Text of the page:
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Scientific authority in the public sphere in twentieth-century Spain
HAR2012-36204-C02-02


Investigador responsable: Agustí Nieto-Galan
Entitat finançadora: Ministerio de Economía y Competitividad
Vigència: 2013 - 2015

Investigadors del grup: Xavier Vall (CEHIC-UAB), Oliver Hochadel (IMF-CSIC), Reis Fontanals (BC), Joaquim Sales (UB), Eduard Aibar (UOC), Carlos Tabernero (CEHIC-UAB), Clara Florensa (CEHIC-UAB).

Through science popularization, scientists defend or expand the boundaries between science and overlapping or related cultural activities such as religion, politics or other forms of knowledge. The making of a public image of science serves to justify the scientists’ control on certain domains of knowledge. Popularization of science play an outstanding role in the shaping of the public image of experts, their credibility and public trust on them, as well as the extension of applicability of their expertise and the perceived reliability of their practices, what also moulds the public reaction and the democratic methods of control of expert communities. Hiltgarner (1990) pointed out that current popularization of science conveys a “dominant view” of the relationship between expert and lay people, in which the last ones are supposed to accept docilely the advice and knowledge provided by experts. In that sense, Hiltgarner points out that the legitimacy of expert knowledge is partially gained in the public sphere and highlights how much scientific authority and its social influence expands outside the reduced esoteric circles. History of science cannot be understood without paying attention to the complex processes of negotiation, seduction of audiences and consensus which are an intrinsic part of the making of scientific knowledge and the social legitimacy of the experts.

As recent trends on the historiography of science have rightly emphasized, audiences and the public at large play an important role for the legitimisation of scientific knowledge in modern societies. In that context, science popularisation becomes a fundamental process for the making of expertise, and a crucial factor for the analysis of scientific authority and scientific disciplines in the public sphere (Hilgartner (1990), Shapin (1990), Golinski (1998), Shinn and Whitley (1995)). In that framework, the subproject will analyse a group of emblematic case studies, in which several scientific experts attempted to impose their views in the public sphere in twentieth-century Spain in order to gain at the end scientific authority among their peers. We aim to reconstruct specific places and practices, in which those actors dealt with controversy and authority claims inside and beyond academic walls.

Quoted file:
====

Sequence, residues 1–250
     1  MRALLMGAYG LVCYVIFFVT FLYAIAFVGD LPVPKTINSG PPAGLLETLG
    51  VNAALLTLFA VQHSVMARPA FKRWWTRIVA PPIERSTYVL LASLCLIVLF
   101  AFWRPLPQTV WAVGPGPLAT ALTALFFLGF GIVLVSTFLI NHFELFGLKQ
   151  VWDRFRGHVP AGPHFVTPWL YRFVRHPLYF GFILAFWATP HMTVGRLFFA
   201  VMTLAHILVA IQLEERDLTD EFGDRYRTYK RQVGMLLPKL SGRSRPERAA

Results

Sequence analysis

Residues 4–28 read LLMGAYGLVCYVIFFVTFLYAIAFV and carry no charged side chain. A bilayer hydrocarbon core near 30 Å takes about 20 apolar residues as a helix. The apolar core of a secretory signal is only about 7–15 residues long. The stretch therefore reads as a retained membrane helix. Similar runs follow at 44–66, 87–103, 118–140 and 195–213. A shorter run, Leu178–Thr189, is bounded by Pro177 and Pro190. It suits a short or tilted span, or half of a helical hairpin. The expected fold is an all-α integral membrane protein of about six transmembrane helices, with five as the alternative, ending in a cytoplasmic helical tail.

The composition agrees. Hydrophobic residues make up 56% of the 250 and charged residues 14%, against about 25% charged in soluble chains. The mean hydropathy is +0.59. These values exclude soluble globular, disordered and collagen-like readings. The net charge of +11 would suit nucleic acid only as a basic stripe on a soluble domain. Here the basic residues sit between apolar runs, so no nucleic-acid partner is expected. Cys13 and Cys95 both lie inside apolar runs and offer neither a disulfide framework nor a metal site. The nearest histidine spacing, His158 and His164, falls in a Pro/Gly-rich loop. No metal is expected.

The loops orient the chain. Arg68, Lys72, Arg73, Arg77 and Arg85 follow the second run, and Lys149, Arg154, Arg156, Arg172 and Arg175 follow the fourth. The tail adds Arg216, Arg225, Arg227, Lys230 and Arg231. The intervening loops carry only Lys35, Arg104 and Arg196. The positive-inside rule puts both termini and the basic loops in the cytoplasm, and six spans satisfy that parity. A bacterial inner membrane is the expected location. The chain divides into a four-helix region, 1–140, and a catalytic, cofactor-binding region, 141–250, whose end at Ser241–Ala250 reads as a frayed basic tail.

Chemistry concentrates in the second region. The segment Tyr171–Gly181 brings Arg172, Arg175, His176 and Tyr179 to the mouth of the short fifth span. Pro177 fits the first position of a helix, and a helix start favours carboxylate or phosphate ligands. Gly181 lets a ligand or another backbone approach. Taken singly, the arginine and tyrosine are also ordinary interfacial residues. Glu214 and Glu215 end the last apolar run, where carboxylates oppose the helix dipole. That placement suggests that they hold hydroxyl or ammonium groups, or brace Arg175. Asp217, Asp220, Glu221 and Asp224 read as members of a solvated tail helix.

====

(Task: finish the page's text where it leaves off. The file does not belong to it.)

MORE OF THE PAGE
In addition, according to Peter Weingart (Weingart, 2001; Maasen-Weingart, 2005), media have “contaminated” science in the 20th century. There is a constant feedback between scientific knowledge and its popular images, an interaction so important that some scientific controversies remain hopeless trapped in the public sphere. Popular magazines as well as fiction books, cinema, television programs or, more recently, the world wide web, contain fragments of scientific knowledge whose legitimacy is connected with the logic of these media. Moreover, public and private institutions draw up effective strategies in order to influence the selection and main characteristics of the information published in the media. In that context, Weingart argues that public reputation has become nowadays a criterion of truth and authority, reaching an until-now unseen importance in the twentieth-century mass media society. Our subproject aims to deal with these questions by means of different sources and a comparative analysis in different cultural and political contexts in 20th-century Spain.

 

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